Gargling with licorice solution can cut severity of post-surgery sore throat.
Washington, June 20 (ANI): Researchers from Lucknow have found that gargling Gargling is a common method of cleansing the throat, especially if one has a sore throat or upper-respiratory virus or infection. The physical act of gargling usually requires that one tilts the head back, allowing a mouthful of liquid to sit in the upper throat. with a licorice licorice (lĭk`ərĭs, –rĭsh), name for a European plant (Glycyrrhiza glabra) of the family Leguminosae (pulse family) and for the sweet substance obtained from the root. solution before undergoing surgery could reduce postoperative sore throat.
Postoperative sore throat is a common and troublesome complication after general anaesthesia with intubation intubation /in·tu·ba·tion/ (in?too-ba´shun) the insertion of a tube into a body canal or hollow organ, as into the trachea.
endotracheal intubation .
The new study by Dr. Anil Agarwal and colleagues of Sanjay Gandhi Post Graduate Institute of Medical Sciences Sanjay Gandhi Post Graduate Institute of Medical Sciences (SGPGIMS) is a premier medical institute of India located in Lucknow, Uttar Pradesh.
SGPGIMS is both an educational institute that imparts postgraduate medical training and a working hospital that provides inexpensive in Lucknow, India, found that patients who gargled with licorice before surgery had fewer problems with postoperative sore throat and cough.
The study included 40 patients undergoing spinal surgery, who simply gargled with a diluted licorice solution or plain water just five minutes before induction of general anaesthesia with an airway (endotracheal endotracheal /en·do·tra·che·al/ (en?do-tra´ke-al) within or through the trachea.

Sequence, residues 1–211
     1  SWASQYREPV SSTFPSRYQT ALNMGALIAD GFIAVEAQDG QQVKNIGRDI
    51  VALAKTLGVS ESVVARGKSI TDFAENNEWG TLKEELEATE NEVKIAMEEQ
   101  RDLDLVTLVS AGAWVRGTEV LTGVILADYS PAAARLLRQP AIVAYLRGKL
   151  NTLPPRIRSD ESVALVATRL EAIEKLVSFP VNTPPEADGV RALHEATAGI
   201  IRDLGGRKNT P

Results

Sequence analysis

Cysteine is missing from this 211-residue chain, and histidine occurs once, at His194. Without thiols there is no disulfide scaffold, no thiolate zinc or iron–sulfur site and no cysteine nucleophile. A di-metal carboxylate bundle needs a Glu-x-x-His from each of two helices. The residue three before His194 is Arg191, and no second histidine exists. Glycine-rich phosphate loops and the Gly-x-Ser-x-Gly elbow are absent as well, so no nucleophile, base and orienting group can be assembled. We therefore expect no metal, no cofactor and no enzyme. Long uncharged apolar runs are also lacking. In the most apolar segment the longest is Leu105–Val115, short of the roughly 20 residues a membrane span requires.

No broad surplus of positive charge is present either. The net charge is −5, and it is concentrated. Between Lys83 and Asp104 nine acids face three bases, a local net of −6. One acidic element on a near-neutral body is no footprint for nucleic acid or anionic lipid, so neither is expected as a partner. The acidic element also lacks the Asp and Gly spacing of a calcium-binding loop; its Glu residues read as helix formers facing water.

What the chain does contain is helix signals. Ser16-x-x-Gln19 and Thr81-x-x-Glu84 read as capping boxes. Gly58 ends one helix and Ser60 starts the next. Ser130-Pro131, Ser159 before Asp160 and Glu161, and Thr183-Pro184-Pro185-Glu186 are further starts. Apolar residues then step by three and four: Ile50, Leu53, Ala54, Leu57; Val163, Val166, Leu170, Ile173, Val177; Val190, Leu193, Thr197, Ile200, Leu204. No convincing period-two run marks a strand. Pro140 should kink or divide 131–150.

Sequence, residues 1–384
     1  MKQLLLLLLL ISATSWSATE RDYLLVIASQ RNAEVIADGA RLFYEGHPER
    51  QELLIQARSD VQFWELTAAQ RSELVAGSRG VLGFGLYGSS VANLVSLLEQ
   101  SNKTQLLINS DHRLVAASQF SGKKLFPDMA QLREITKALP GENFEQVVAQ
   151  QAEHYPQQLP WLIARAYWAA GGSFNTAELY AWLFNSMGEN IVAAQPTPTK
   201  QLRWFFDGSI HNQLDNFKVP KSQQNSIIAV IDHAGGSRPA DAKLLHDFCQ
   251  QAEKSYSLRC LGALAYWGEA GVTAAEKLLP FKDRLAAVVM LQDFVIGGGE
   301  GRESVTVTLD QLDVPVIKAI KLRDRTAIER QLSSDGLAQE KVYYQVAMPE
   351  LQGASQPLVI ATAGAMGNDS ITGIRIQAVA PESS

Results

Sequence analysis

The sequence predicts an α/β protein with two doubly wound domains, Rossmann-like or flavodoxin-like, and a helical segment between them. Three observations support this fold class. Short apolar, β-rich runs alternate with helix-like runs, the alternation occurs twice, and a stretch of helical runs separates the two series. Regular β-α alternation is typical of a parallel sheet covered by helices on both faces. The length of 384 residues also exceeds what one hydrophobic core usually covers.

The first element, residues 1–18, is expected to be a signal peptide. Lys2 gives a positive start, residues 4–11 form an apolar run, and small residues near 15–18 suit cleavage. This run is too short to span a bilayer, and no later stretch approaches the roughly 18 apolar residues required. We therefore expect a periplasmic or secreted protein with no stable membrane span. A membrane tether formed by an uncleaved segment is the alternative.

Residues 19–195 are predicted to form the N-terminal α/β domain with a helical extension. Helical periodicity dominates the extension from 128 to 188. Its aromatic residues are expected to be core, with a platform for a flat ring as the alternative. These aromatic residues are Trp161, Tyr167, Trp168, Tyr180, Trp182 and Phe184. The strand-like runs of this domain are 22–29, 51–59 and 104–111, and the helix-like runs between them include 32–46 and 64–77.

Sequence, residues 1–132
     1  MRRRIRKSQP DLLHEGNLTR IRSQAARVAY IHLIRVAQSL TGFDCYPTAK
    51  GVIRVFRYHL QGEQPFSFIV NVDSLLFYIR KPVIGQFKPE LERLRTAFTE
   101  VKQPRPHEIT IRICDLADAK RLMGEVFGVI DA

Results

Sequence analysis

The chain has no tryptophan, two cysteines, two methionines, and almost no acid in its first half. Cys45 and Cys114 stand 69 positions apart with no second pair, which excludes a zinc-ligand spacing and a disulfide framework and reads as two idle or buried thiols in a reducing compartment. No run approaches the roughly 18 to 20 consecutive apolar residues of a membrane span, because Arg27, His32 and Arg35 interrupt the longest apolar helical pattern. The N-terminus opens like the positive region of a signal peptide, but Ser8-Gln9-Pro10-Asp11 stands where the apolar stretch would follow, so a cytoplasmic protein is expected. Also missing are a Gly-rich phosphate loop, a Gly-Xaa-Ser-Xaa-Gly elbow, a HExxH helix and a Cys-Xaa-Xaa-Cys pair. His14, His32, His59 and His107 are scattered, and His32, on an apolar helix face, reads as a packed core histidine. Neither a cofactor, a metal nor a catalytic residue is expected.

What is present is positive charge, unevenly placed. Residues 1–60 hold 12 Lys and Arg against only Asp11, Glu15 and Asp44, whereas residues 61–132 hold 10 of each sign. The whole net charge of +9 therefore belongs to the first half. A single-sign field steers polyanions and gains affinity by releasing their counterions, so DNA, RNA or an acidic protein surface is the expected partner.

Within or passing through the trachea. ) tube.
The researchers found that patients receiving the licorice gargle gargle /gar·gle/ (gahr´g'l)
1. a solution for rinsing mouth and throat.
2. to rinse the mouth and throat by holding a solution in the open mouth and agitating it by expulsion of air from the lungs. had a lower rate of postoperative sore throat, including pain on swallowing.
Two hours after surgery, about 25 percent of patients who used the licorice gargle had a sore throat, compared to 75 percent of those who gargled with water.
Postoperative sore throat was also less severe in the licorice group.
In addition, patients who used the licorice gargle were less likely to develop postoperative cough- 10 percent, compared to 30 percent of patients who gargled with water.
There were no side effects of the licorice gargle.
"Licorice, derived from the root of Glycyrrhiza glabra, has been used for many millennia as an alternative medicine for treatment of inflammation, allergies, and gastric and duodenal ulcers," wrote Agarwal and co-authors.
A number of active ingredients have been identified in licorice, including compounds with anti-inflammatory, anti-irritant, and anti-cough effects.
The researchers have acknowledged that licorice may not be appropriate for children, or for adult patients who are sedated or uncooperative.
However, for many patients undergoing surgery, licorice gargle appears to offers a sweet, simple, and effective approach to reducing a common and uncomfortable problem.
The study is published in the July issue of Anaesthesia and Analgesia, official journal of the International Anaesthesia Research Society (IARS IARS International Anesthesia Research Society
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